Charles E. McLure Jr.
Daniel Holland Medal of the National Tax Association
Charles E. McLure Jr. is an emeritus senior fellow specializing in the economics of tax policy.
McLure has written extensively on federal tax reform, intergovernmental fiscal relations, tax harmonization, the value-added tax and other forms of consumption-based taxation, state corporate income taxes, taxation in developing countries and countries in transition, taxation of electronic commerce, corporate tax harmonization in the European Union, and border adjustments for carbon prices.
As deputy assistant secretary of the Treasury for tax analysis (1983–85), McLure was responsible for developing the Treasury Department's proposals that became the basis of the Tax Reform Act of 1986; he was also staff director of the Working Group on Worldwide Unitary Taxation.
McLure has served as a senior economist on the staff of the President's Council of Economic Advisers; as a consultant to several agencies of the US government and to various international organizations, including the World Bank, the United Nations, the International Monetary Fund, and the InterAmerican Development Bank; and as an adviser to several dozen developing countries and countries in their transition from socialism.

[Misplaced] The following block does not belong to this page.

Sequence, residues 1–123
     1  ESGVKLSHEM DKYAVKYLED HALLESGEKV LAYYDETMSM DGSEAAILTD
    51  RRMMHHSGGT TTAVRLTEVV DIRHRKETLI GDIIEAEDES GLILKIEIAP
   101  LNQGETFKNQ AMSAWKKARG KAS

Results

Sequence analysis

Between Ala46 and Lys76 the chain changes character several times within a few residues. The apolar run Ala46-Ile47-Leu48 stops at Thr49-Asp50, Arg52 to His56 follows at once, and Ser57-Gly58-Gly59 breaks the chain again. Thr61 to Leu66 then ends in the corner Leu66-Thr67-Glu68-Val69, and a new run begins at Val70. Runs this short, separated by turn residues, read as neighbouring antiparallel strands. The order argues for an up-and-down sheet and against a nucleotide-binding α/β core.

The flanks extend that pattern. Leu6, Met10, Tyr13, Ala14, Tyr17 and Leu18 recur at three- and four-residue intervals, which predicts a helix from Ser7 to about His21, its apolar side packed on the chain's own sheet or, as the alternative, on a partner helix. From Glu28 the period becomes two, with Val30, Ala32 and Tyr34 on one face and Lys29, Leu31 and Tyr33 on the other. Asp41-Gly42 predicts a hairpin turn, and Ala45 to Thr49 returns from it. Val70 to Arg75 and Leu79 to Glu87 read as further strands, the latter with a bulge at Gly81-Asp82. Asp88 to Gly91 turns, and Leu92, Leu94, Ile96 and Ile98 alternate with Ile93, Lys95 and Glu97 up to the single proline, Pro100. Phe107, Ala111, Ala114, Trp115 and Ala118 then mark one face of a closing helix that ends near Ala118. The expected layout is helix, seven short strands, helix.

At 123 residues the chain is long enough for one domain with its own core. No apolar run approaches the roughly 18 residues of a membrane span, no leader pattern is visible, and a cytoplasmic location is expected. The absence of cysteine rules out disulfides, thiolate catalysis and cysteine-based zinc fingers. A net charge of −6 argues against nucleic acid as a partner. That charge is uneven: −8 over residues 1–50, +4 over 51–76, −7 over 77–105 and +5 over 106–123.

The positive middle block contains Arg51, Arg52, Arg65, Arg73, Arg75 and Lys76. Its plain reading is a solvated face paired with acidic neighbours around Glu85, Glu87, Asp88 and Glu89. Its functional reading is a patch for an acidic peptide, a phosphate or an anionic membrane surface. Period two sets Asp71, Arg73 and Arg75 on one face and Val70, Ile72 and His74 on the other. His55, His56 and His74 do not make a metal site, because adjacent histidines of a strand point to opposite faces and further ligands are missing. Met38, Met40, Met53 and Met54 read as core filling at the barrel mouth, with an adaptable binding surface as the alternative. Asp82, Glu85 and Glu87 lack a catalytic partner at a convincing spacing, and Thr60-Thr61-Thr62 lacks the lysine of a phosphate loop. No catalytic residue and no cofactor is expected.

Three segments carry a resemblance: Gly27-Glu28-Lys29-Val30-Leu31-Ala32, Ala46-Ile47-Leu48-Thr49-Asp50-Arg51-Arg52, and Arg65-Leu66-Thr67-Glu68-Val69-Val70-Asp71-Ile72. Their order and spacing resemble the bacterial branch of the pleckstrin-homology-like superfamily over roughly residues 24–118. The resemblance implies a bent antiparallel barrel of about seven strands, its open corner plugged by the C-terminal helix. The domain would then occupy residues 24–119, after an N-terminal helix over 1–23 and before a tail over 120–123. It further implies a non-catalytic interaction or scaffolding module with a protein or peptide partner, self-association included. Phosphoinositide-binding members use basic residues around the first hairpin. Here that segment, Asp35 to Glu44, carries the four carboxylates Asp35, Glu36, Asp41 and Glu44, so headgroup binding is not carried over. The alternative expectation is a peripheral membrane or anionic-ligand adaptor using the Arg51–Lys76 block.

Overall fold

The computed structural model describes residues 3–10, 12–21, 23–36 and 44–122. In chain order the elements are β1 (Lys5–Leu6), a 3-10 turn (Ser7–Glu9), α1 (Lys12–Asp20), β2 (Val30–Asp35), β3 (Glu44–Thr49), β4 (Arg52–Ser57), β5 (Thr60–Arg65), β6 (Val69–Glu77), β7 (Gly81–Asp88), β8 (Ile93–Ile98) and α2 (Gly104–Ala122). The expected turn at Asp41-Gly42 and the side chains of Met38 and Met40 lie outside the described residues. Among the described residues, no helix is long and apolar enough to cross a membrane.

McLure received the Treasury Department's Exceptional Service Award in 1985 and the National Tax Association's most prestigious award, the Daniel Holland Medal, "for distinguished lifetime contributions to the study and practice of public finance" in 2004.
Books McLure has written include Fiscal Transition in Kazakhstan (coauthored, 1999); The Taxation of Income from Business and Capital in Colombia (coauthored, 1990); The Value- Added Tax: Key to Deficit Reduction (1987); Economic Perspectives on State Taxation of Multijurisdictional Corporations (1986); and Must Corporate Income Be Taxed Twice? (1979).
McLure has also edited State Corporation Income Tax: Issues in Worldwide Unitary Taxation (1984); with Michael Boskin, World Tax Reform (1990); with Peter Mieszkowski, Fiscal Federalism and the Taxation of Natural Resources (1983); and Tax Assignment in Federal Countries (1983). He has also published more than three hundred articles in economic journals and law reviews.
McLure holds degrees in economics from the University of Kansas (BA, 1962) and Princeton University (MA, 1964, PhD, 1966).
His research papers are available at the Hoover Institution Archives.